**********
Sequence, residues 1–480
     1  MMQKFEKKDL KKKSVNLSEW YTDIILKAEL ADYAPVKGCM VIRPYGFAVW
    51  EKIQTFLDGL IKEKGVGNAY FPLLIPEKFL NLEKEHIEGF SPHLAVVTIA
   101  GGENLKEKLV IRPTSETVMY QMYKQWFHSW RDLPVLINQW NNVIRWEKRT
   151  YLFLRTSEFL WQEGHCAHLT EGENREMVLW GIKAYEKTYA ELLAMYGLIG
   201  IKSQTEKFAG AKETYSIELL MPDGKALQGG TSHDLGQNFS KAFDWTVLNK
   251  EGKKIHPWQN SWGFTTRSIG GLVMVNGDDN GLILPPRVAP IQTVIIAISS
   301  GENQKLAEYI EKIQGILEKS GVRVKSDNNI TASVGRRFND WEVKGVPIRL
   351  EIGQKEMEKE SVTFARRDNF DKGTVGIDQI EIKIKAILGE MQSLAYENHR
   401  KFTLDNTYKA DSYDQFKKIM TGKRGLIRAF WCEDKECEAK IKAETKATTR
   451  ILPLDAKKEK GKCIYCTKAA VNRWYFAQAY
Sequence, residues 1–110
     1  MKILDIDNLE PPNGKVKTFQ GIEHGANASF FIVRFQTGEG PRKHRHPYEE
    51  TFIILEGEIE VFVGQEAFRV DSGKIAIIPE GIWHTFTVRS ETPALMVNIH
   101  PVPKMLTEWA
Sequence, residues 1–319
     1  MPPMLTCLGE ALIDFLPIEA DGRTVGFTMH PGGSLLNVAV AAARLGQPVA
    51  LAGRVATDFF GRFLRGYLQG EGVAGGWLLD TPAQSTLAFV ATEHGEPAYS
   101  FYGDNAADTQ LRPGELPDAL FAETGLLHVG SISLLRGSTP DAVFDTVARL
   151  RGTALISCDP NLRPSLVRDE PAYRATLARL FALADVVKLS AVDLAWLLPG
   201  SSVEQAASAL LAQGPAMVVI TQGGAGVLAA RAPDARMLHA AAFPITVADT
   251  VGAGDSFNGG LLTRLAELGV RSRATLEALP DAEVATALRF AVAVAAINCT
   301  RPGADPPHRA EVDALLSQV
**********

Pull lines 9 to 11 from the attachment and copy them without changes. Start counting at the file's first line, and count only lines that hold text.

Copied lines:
   351  EIGQKEMEKE SVTFARRDNF DKGTVGIDQI EIKIKAILGE MQSLAYENHR
   401  KFTLDNTYKA DSYDQFKKIM TGKRGLIRAF WCEDKECEAK IKAETKATTR
   451  ILPLDAKKEK GKCIYCTKAA VNRWYFAQAY